Where we disagree with many of our friends on the right—and especially the libertarian right—is around the notion that choice alone is the answer, that it’s a bona fide silver bullet.

Some libertarians, for example, point to the many culture wars that have invaded our schools, and argue that choice is the solution. Why fight over what curriculum to teach, which heroes to emulate, how to tackle human sexuality or human evolution, whether to be strict or lax, whether to teach virtue or vocation, or any of the other debates that can divide us? Just let individual schools find their own way, and then allow parents to find THEIR way to the school that matches their values. Don’t try to make these decisions democratically, as that will inevitably mean the majority will get what they want, and the minority will lose out (or a mushy middle compromise will be found). Let the market rule, and let everyone get what they want.

Even some non-libertarian conservatives settle for choice alone, especially in the context of a culture that is increasingly at war with conservative values. In so doing, they seem to us to be settling for a version of the Benedict Option—retreat into our own educational communities, especially religious schools—and protect our children from the culture at large. The reasoning is that the culture is hopeless so let’s isolate ourselves and our kids from it.

Yes, we support parents who make that choice. It’s a free country and choice is a plus. But it’s no silver bullet for education, not in the lifetimes of ourselves, our kids and probably our grandkids. Even with the growth of scholarship programs, tax credit initiatives, and education savings accounts, as well as charter schools, virtual schools and home schools, the vast majority of American schoolchildren attend traditional public schools, and will for the foreseeable future. We’re talking about upwards of forty million children. If conservatives don’t engage on debates around what these children do and learn all day, we are ceding the public schools—and the country’s future—to progressives. We did that already with higher education. Are we really sure we want to do that with primary and secondary education, too?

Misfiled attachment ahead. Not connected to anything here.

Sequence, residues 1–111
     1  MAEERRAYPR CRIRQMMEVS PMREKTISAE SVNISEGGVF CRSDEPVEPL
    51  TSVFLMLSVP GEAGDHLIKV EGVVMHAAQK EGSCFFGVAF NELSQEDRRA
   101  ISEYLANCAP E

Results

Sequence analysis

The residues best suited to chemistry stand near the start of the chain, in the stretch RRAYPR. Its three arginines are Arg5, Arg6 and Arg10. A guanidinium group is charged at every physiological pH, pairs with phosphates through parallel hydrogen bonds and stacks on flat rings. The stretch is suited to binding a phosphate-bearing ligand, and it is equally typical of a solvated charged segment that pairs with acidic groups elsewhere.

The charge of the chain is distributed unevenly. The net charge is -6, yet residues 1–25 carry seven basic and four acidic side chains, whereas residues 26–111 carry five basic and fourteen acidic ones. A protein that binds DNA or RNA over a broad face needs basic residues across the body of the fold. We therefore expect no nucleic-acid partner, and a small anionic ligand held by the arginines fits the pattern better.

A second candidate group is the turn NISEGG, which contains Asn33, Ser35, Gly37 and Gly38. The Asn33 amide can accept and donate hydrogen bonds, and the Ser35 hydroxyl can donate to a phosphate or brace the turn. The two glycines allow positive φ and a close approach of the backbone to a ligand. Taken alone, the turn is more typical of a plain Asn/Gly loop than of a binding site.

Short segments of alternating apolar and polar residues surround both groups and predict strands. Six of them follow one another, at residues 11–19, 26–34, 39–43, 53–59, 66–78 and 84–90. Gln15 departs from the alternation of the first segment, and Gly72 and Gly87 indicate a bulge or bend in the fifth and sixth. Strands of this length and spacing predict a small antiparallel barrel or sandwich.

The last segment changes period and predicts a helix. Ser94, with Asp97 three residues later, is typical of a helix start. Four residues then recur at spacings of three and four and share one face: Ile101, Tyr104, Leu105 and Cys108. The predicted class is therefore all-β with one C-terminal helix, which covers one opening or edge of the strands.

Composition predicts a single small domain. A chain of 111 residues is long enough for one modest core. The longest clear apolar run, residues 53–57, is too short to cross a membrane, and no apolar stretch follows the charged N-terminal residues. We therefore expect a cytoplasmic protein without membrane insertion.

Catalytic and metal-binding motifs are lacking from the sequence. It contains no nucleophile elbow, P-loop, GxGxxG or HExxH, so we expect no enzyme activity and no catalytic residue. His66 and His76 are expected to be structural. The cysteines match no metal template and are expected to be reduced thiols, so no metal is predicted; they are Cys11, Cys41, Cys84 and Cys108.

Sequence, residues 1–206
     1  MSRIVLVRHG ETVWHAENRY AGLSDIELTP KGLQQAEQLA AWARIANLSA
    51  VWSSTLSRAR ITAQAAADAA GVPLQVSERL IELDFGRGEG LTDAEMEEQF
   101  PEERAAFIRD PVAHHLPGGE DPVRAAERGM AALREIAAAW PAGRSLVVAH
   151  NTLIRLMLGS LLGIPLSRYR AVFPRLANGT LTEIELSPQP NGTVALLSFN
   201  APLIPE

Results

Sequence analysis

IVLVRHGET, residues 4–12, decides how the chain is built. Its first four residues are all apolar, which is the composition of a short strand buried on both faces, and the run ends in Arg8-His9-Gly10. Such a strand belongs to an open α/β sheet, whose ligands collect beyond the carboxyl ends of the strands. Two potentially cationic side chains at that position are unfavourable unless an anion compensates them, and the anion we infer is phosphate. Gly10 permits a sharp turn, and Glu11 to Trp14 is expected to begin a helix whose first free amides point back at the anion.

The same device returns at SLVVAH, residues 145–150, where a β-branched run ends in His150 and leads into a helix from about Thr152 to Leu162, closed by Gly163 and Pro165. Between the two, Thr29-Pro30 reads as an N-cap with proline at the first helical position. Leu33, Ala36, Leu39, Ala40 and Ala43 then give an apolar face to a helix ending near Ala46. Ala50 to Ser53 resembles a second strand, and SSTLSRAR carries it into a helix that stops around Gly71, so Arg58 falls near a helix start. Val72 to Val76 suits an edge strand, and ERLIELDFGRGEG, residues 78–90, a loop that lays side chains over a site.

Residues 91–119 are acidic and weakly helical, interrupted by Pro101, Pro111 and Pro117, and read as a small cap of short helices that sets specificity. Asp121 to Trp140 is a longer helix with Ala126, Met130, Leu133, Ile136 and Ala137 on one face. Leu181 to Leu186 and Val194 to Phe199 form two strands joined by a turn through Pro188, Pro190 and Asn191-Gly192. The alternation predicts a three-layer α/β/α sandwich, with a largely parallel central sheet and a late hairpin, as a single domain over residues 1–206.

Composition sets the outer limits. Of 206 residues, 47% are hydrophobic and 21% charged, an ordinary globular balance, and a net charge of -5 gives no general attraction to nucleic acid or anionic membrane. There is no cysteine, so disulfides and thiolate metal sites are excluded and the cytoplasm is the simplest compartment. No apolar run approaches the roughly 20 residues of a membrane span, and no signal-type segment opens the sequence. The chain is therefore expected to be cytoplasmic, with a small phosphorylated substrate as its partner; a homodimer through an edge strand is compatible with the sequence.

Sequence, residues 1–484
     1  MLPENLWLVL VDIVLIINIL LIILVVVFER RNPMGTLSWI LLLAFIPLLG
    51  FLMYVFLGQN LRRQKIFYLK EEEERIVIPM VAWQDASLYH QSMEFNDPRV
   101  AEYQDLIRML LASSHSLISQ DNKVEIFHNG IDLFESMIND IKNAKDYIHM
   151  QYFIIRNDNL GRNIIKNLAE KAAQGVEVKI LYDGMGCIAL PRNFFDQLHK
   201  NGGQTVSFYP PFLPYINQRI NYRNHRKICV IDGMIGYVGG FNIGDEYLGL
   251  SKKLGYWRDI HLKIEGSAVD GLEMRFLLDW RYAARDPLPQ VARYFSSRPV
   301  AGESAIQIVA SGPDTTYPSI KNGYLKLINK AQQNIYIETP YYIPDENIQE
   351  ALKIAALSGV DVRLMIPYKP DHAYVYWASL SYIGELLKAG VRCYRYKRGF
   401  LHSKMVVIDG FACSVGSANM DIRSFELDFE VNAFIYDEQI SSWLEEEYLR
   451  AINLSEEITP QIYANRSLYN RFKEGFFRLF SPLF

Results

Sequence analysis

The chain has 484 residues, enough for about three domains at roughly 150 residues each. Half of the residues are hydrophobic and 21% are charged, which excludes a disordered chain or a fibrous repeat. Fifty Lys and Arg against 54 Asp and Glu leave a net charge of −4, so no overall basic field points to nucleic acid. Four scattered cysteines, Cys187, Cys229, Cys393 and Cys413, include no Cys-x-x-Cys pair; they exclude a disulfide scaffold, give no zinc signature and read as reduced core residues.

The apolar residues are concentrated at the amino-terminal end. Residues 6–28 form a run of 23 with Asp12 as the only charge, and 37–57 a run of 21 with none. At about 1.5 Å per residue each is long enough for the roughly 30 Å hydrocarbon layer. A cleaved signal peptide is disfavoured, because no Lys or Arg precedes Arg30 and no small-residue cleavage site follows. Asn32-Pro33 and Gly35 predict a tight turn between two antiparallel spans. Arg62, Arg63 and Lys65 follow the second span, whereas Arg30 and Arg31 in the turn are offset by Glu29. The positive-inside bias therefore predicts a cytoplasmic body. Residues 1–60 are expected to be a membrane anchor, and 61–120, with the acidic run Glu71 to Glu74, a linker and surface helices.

The topic that Heather is tackling today is a perfect example of the risks of that approach. School discipline is an inherently difficult issue, because it pits the needs of the vast majority of children—who come to school, do what they are told, and generally behave—against the needs of a small minority of disruptive students, many of whom are growing up in tragic situations. Yet if we cede this issue to the left, virtually the only students who will be valued are the disrupters, the misbehavers. As Heather will explain, the entire focus of the left, when it comes to so-called “discipline reform,” is less discipline. Which may or may not help the unruly kids, but likely won’t help their peers.

If conservatives decline to engage, we do so at great peril. So over this academic year, about once a month, we will be here, with leading conservatives, to engage in the great debates, and to focus on the purpose of K-12 schooling. We hope you’ll join us. At the end we’ll turn the keynotes into an edited volume, to be published by the Templeton Press. We appreciate the support from the Kern Family Foundation for making all of this possible.

 
 
Michael J. Petrilli
Michael J. Petrilli is the President of the Thomas B. Fordham Institute.